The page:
Frequently Asked Questions

Q: My first-second-third grader doesn’t seem to be reading as well as I would expect. The school tells me it’s not time to evaluate/test her and that we should wait another six months or a year. Is this true?

A: NO. Early intervention is the best intervention! If you wait until third or fourth grade, your child will already be so frustrated that it may become more difficult to teacher her and you will have missed an opportunity, developmentally. Sometimes schools say a child is “too young” to evaluate. This is false.  5, 6 and 7 year olds can be tested for all kinds of disabilities.

 

Q: My child has an IEP, but I don’t think he is making progress. The school says he is doing fine. How do I know what’s really going on?

A: Progress monitoring starts with good IEP goals. Do you understand how data will be collected on each of your child’s IEP goals? If not, it’s not you, it’s THEM! Schools are obligated to provide you with DATA to show whether your child is making progress or not, and they are required to provide this FOUR times per year. If you don’t understand the data, or if there isn’t any data, it’s not you, it’s THEM!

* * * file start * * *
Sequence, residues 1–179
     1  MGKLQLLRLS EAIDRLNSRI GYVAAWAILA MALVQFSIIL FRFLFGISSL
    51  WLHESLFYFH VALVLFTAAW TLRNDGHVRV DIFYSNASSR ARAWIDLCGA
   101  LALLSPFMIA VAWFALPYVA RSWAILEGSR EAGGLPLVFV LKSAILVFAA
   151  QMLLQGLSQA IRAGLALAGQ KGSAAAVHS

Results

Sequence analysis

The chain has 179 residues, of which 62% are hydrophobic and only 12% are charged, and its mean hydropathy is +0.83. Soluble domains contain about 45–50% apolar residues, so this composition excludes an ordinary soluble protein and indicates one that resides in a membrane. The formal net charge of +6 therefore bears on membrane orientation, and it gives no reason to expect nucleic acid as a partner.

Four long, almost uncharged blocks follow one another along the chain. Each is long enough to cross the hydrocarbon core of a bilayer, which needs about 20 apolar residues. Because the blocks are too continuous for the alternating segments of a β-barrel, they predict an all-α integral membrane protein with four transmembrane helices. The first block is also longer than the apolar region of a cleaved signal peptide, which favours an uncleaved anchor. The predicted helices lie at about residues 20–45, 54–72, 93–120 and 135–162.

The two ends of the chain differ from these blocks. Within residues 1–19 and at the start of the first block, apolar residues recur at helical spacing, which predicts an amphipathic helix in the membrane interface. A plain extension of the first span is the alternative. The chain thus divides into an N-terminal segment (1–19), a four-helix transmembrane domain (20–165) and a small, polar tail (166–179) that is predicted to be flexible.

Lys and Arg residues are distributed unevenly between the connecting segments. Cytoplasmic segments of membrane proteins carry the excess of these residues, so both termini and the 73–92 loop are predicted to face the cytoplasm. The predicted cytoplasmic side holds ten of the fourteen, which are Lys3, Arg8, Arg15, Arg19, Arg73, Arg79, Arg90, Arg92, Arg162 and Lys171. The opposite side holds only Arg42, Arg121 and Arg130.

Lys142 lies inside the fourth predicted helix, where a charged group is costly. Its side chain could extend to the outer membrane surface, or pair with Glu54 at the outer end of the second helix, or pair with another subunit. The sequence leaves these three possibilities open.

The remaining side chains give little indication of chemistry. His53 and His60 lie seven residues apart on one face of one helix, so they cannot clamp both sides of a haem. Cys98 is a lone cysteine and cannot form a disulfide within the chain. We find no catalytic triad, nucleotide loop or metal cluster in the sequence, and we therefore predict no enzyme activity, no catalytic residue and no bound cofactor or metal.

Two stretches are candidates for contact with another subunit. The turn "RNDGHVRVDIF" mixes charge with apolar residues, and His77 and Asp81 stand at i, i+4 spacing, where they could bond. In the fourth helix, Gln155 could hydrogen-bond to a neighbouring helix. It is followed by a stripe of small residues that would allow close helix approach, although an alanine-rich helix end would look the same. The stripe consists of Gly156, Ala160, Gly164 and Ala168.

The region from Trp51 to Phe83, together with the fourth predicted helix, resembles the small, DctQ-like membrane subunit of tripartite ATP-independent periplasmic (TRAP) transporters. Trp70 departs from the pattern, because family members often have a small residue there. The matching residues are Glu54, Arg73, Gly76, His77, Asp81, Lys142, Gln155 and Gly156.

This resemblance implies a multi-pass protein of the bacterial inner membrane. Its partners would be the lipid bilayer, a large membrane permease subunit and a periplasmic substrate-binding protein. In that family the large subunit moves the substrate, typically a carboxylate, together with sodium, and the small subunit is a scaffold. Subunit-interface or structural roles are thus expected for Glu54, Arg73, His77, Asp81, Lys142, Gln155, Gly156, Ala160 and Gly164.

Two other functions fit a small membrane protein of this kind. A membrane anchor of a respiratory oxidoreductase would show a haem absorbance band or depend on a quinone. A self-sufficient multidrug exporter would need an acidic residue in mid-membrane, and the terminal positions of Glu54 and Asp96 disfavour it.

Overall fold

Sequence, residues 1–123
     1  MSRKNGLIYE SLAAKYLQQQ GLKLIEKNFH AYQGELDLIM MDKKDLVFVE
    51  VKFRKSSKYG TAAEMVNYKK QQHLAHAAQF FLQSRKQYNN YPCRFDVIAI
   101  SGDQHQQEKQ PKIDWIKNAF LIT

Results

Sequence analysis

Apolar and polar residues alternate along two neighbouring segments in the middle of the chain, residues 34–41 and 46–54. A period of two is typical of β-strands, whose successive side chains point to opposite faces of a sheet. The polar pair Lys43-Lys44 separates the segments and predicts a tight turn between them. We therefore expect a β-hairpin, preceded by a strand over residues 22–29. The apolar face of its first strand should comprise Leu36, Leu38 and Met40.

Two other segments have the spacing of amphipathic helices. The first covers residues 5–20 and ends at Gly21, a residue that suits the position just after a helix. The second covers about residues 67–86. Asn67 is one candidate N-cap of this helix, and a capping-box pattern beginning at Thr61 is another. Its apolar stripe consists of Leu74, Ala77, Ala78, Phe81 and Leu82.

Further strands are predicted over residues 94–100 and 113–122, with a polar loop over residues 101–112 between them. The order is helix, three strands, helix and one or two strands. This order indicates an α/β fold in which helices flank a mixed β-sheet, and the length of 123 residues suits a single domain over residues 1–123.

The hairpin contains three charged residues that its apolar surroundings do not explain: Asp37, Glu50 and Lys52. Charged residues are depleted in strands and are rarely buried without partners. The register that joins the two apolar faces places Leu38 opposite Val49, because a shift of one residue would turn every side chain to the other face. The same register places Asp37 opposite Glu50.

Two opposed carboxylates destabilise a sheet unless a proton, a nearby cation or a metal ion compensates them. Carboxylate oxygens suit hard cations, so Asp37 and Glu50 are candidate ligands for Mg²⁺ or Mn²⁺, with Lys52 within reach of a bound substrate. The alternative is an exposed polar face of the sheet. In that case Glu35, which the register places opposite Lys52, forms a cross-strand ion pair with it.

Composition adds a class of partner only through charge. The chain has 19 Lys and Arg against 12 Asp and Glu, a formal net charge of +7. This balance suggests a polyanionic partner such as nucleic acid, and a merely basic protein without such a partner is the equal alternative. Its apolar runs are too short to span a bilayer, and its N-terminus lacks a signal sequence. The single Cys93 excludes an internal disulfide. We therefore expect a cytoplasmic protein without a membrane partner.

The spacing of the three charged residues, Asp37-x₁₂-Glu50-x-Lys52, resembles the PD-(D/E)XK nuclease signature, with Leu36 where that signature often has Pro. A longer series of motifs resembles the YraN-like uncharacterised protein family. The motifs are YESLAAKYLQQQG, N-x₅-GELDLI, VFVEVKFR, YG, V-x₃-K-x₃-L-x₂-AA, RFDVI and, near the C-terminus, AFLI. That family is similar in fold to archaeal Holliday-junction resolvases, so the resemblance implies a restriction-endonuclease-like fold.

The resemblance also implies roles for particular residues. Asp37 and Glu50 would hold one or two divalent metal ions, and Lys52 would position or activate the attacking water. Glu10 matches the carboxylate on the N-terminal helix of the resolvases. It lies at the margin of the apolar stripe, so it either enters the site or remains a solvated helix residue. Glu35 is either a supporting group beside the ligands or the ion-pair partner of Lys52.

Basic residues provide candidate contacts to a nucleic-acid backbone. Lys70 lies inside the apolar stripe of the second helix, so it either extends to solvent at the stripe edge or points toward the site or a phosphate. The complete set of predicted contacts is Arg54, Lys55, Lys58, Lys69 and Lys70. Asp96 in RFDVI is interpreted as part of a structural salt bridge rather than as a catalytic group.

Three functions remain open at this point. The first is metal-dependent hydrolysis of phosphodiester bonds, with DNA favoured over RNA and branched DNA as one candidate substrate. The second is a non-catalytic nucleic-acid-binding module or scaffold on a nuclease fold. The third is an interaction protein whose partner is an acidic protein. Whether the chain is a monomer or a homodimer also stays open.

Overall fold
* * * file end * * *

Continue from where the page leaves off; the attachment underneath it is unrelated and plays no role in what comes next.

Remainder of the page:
Q: I told the principal/teacher/IEP chairperson that I think my child might have a disability. She told me in the hall that we don’t need to have a meeting because my child won’t qualify for special education because he is too smart/too young/getting ok grades. Is this right?

A: NO. When a parent believes that their child MIGHT have a disability and asks the school to consider this concern, the school is obligated to bring a team of people together to consider whether the child needs to be evaluated formally. No one (or two or three) people can decide this outside of a formal IEP meeting.

 

Q: My child has a disability that sometimes affects his behavior. Can he be suspended for this?

 A: Yes and No. Children with disabilities can be suspended for behaviors that are related to their disability up to a certain point, but it is not good practice, it indicates that something is not quite right with the program, and it’s usually not fair or helpful for the child. A child with a disability can NOT be suspended more than 10 days (in a school year) for behaviors that are a "manifestation" of their disability, and a meeting must be held to determine "manifestation." If your child is suspended for behaviors related to his disability, you should be concerned. The IEP team should meet to discuss what needs to change, including the Behavior Intervention Plan (BIP). Don’t have a BIP? That’s a problem.   

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